How did you and Roberto meet?
Salima: I was finishing university and trying to figure out what I wanted to do with my life. I was thinking about moving back to Paris. I started working for this small shop and Roberto came in and we were looking for a male buyer and I thought, ‘This guy has so much style! We should hire him.’ I think they gave you an interview after that?
Roberto: Yes. I started thrifting in high school for myself and to make extra money I also did eBay. I discovered the store [where Salima was working] and was so blown away by the concept. That’s how we met. Salima was my manager at that time. And when like-minded people meet it sparks something within us. She taught me so much.
“We always knew intuitively the kind of direction we wanted to take with vintage.”
The boutique, Desert Vintage, existed under a different owner before you took over and has a rich history. How did you find it? How do you recall its original state?
Salima: I discovered the store when I was doing costuming in high school and became familiar with the original owner, Cathleen. It was a vintage store but also a costume store. One of her big seasons was Halloween and she would make all these wonderful, imaginative costumes and they were hung from the ceiling and on the walls and outside on the porch. She started it in the 70s and it was known in Tucson. Roberto and I worked together for about a year and I think we both wanted to start our own business. Roberto came back to Paris with me and we were figuring out what we wanted to do. Our travels brought us back to Tucson for a little bit. Then the owner of Desert Vintage said she was retiring and asked if we would be interested in purchasing the business. We didn’t think about it too much… we just said, ‘We should do it!’ It just felt like a great opportunity. So, we bought the name and the business from her. Cathleen also sold us semi-full and full black trash bags of vintage that she had collected since the 70s. We took a risk as we didn’t know what kind of condition the clothing was in. To this day, we have a couple of boxes left of that stock.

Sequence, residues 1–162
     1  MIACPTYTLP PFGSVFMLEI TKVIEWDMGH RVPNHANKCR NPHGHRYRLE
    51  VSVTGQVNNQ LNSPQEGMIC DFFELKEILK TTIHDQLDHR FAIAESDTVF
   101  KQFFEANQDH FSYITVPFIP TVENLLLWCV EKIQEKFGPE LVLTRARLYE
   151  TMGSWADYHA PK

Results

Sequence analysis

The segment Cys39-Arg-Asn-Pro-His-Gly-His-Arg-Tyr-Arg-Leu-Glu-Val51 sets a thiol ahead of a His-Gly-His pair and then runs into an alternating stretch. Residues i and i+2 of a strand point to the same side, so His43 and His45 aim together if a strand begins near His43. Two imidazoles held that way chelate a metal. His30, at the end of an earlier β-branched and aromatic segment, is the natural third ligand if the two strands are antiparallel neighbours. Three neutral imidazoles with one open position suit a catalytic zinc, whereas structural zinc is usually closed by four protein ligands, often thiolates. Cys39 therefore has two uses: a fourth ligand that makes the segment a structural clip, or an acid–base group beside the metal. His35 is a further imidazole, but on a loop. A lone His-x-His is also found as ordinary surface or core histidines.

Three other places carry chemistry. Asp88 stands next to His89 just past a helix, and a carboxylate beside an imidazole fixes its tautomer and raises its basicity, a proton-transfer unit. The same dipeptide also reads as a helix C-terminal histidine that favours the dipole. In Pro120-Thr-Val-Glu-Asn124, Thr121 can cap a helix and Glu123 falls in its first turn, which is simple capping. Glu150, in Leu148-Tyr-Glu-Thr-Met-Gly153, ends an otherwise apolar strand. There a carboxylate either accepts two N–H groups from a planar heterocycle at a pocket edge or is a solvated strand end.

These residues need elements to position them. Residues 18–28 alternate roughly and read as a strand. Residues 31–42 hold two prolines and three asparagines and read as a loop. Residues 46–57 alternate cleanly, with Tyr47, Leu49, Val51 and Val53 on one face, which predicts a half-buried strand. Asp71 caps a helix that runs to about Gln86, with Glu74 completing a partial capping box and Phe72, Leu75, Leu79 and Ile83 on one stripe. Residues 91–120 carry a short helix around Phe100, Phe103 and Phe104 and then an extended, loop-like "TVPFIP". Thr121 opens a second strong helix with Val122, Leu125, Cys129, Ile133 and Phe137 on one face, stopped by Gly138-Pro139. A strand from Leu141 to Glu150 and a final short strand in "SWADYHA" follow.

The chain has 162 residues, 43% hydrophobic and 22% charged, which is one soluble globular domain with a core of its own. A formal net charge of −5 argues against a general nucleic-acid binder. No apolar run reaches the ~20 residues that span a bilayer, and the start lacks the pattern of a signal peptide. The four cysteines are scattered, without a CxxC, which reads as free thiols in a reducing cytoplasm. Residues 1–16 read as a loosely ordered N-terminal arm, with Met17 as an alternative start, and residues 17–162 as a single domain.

Roberto: I didn’t know Cathleen prior to us buying the business but I just loved how Cathleen saw herself in Salima, who had been the same age as Cathleen when she had started the business. It was a really wonderful exchange, and for me it was totally new. I knew vintage but not in the capacity that I know it now.
“A sense of place has always played into our business and who we are.”
What did you do to make Desert Vintage feel like your own business? The photos of the store that I’ve seen look so clean and paired down – did it look like that before?
Roberto: The first thing for me was to take out the carpet. The store was painted pink and green, and needed to be repainted. It was definitely a process over time; a huge transition for our curation too.
Salima: We were kids taking on that store and I definitely feel like we grew up with the store and the store grew up with us. There were so many learning curves that I’m grateful to have had and continue to have because everything is a work in progress.